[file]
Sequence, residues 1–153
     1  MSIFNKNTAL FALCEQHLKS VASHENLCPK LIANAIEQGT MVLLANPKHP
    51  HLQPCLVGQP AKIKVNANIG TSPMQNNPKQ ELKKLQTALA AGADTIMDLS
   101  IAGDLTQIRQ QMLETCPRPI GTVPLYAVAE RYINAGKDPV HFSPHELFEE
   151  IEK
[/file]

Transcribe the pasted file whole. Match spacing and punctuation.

Sequence, residues 1–153
     1  MSIFNKNTAL FALCEQHLKS VASHENLCPK LIANAIEQGT MVLLANPKHP
    51  HLQPCLVGQP AKIKVNANIG TSPMQNNPKQ ELKKLQTALA AGADTIMDLS
   101  IAGDLTQIRQ QMLETCPRPI GTVPLYAVAE RYINAGKDPV HFSPHELFEE
   151  IEK